I'll get to food later, but there's other things I'd like to write about first.
What I am about to say is not easy to put into words but it has been very much on my mind recently, so I’m just going to toss it out there. I think Japan is starting to lose a bit of its magic to me.
Before I came here, and even for a good while after arriving, I felt like this was the place for me; that this was were I needed to be in the world. Recently, and especially in the last few weeks, however, I have started to feel that I could be perfectly ok living somewhere else. That maybe I would be better off somewhere else. (My mom will probably do a little dance when she reads those words)
I’ve tried to write out an explanation several times, but my thoughts just come out in a jumble. It’s not just work (though it certainly doesn’t help), there’s much more to it than that. I’ve thought about this a lot recently and obviously still have much more thinking left to do in order to get sort this out.
On a lighter note, the cherry blossoms were in bloom in Tokyo for the past few weeks and I managed to get out and enjoy them a bit. This past weekend aside, the weather has been really cold and overcast, which is hardly ideal weather for enjoying the flowers, but warm clothes and good company go a long way to overcome that. Here are some of my favorite pictures:
And finally, the food. Japanese grocery stores pretty much all carry the exact same cuts of meat and it can be quite difficult to find anything other than the standards. So when I decided I wanted to have a go at cooking pork cheek, I had my work cut out for me. To be fair, it's hardly a typical cut of meat, but I looked all over the place with no luck. Finally, I tried a small South East Asian market in Ueno that I go to from time to time where you can buy all sorts of crazy stuff. In one of the corners is a butcher who sells just about any part of chickens, pigs and cows anyone would ever want to eat (and more that you'd probably prefer to avoid), from basics like chicken breasts and pork tenderloin to the more rare such as cow intestines and blocks of blood. I asked for two cheeks at about $1.25 per 100g, thinking one per person would be a reasonable amount. It came out to a little less than a pound, so less than $5 and the guy toss in a few extra chunks for free. Not bad at all.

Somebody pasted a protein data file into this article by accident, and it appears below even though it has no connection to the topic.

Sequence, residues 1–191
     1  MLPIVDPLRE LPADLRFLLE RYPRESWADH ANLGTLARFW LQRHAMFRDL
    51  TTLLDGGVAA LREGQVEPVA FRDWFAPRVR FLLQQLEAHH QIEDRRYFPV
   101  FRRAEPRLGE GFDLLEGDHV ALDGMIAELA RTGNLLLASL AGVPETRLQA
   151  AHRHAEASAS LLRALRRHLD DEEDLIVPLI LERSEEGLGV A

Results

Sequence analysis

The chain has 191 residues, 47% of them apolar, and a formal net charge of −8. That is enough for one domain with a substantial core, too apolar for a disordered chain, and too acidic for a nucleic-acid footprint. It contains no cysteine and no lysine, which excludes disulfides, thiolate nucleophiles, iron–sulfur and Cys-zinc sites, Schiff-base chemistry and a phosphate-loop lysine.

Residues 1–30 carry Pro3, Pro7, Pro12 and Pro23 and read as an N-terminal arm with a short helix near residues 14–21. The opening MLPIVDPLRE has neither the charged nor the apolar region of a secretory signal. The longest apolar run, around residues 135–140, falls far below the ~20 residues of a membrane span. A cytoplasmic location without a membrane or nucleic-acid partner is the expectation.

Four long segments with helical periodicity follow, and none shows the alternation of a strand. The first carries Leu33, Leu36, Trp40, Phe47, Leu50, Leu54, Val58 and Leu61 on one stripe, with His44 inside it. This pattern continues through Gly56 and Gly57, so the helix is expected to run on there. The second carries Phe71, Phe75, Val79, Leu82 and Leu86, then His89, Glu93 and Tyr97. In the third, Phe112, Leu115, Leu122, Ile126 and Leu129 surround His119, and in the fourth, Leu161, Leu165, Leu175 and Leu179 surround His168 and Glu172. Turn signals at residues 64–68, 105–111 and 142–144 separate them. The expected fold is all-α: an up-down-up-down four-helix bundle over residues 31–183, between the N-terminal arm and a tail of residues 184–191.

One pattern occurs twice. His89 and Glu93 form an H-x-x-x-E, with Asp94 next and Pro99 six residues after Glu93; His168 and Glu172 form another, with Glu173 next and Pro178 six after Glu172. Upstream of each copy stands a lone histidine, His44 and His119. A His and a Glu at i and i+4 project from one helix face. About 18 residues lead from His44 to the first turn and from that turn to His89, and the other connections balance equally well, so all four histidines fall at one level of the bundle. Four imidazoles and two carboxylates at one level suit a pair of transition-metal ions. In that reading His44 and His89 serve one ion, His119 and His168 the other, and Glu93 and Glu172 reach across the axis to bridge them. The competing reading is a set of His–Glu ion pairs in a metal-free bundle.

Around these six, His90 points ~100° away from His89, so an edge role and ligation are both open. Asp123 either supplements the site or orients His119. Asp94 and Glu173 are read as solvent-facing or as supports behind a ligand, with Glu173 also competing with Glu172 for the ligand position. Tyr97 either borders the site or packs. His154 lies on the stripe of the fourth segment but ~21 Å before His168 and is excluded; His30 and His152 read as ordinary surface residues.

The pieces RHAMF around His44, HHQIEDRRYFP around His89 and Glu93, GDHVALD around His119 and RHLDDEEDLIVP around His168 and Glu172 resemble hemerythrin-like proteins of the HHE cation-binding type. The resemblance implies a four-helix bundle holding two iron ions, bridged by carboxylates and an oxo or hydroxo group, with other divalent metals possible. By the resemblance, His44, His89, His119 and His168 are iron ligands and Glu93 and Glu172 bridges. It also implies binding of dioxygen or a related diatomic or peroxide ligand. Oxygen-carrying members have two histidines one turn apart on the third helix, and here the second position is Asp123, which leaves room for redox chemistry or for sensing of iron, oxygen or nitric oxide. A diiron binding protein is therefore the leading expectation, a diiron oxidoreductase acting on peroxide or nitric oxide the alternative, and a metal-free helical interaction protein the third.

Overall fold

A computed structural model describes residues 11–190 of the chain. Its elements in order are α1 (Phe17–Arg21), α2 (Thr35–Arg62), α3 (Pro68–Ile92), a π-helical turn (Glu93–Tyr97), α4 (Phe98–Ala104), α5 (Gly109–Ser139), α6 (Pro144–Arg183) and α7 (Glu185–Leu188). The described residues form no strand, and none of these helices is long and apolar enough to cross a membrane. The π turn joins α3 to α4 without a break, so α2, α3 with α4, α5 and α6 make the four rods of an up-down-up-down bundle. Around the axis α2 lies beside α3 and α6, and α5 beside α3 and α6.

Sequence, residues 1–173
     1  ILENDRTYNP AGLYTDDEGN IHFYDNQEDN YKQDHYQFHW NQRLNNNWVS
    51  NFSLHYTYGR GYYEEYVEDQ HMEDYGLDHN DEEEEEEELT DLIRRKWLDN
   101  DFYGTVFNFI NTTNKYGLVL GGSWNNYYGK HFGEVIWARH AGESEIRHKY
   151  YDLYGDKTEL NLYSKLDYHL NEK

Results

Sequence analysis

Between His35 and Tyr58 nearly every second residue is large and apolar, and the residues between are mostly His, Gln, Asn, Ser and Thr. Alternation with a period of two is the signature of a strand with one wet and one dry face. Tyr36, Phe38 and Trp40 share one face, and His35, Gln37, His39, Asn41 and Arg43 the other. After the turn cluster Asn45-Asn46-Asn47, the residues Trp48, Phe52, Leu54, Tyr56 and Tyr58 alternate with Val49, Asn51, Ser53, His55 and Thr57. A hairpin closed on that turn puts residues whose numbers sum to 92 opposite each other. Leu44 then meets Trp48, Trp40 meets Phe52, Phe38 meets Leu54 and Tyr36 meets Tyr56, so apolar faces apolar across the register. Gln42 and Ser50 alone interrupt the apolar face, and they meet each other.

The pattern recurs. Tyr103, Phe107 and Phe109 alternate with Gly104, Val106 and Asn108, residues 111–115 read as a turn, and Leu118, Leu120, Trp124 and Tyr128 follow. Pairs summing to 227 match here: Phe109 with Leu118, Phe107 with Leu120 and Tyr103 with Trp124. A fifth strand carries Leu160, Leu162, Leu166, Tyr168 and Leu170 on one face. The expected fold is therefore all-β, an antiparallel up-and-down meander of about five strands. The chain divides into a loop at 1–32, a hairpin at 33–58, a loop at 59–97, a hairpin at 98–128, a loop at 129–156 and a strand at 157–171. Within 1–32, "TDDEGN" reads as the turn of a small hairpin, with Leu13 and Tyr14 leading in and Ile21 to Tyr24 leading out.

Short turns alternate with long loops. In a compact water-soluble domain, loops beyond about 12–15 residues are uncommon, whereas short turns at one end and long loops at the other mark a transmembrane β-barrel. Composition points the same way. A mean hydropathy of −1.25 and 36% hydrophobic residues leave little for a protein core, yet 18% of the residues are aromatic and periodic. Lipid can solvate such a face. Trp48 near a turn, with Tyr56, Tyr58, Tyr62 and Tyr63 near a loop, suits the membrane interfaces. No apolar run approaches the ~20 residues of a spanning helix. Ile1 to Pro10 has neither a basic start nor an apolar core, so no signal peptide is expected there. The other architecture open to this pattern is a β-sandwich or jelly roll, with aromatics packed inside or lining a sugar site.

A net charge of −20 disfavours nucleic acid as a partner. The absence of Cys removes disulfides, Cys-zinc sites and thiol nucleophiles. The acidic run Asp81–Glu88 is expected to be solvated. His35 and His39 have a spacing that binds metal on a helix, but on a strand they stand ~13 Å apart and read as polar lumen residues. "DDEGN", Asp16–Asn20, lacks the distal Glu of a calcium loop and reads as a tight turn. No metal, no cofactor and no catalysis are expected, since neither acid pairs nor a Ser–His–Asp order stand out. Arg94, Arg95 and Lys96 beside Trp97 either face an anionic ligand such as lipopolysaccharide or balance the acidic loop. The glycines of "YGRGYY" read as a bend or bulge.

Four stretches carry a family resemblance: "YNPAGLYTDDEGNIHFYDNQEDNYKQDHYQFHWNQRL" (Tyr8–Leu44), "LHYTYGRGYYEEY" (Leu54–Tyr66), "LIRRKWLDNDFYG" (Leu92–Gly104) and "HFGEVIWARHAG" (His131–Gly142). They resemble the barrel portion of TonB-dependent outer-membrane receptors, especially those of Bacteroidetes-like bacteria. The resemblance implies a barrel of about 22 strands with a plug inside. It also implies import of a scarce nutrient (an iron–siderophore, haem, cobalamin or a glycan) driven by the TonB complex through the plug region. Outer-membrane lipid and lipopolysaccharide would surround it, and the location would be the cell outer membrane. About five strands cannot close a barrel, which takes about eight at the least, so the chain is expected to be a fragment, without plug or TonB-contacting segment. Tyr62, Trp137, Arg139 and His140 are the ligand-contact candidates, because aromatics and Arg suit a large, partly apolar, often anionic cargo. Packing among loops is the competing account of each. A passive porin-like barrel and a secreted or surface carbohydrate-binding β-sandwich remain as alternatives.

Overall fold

I'd read that the best way to cook them was a low, slow braise but couldn't find many recipes, so I just tossed them in a pot with chicken broth, soy sauce, chinese rice wine, a splash of vinegar, a few pinches of brown sugar, a couple of dried chilis and smashed garlic cloves, and a sprinkle of cinnamon. Normally when I do a braise at my place I'll let it go for at least 3 hrs, but that's because I don't pay my utilities bill and don't mind eating dinner at 10pm. This time, however, we were hoping to eat by 8pm plus Yuki has to pay the gas bill for her stove, so I only left it for an hour and a half this time. As it turns out, that was plenty of time and it was soft enough to cut with chopsticks. Freaking awesome. In Japan, the braising meat of choice is usually pork belly, but the amount of fat there is just ridiculous. It just seems wrong to make your main course out of anything that is 2/3 fat... I'm not trying to say pork cheeks are super lean or anything, but they're certainly miles better and, in my opinion taste twice as good anyway. The braising liquid was too delicious to waste and meat + rice hardly constitutes a balanced meal, so I stir fried up some veggies on the side as well, thickening the braising liquid to make the sauce.
Melt-in-your-mouth pork, a little salty, a little sweet. Good stuff. I just wish I had time to cook like this more often...
Saturday, April 3, 2010
A couple weeks back we had a 3 day weekend, so Yuki and I decided to get out of town for a couple days. We'd actually hoped to go overseas, but tickets to just about everywhere were significantly more expensive than usual. As a compromise, we stayed domestic but went to Hachijojima, an island roughly 200 miles off the coast of Japan.
There are two ways on and off the island: by boat or by plane (actually, helicopter is a third choice, though not particularly realistic). The boat ride takes around 10 hrs, with just one boat in and one boat out each day. The one from Tokyo to Hachijojima departs at midnight and arrives a little before 10am the following morning, so we left on Friday night so that we could get started first thing Saturday morning. For the return leg, we took the plane, which is just a 45 min flight.
Hachijojima is essentially two volcanos that popped up close enough to merge together. The city itself is nestled into the valley between them. By no means should it be mistaken for a resort town; it is mostly residential and definitely not the second-home-on-a-semitropical-island type. In fact, it has no sandy beaches and much of the island is fairly run down. But the nature is pretty good, so we can put that aside.
Just using google earth, it was pretty hard to get a sense of what the terrain was like. Roads ring the two mountains, so we thought at the least we could cruise along those and enjoy the coast line. As it turns out, pretty much everyone rents a car when they visit, which makes sense since a car costs $40/day there and we paid $35 to rent two bikes for a day (not that there was much choice: neither of us has a Japanese driver's license). Let me make this very clear: this island is not bike friendly. AT ALL.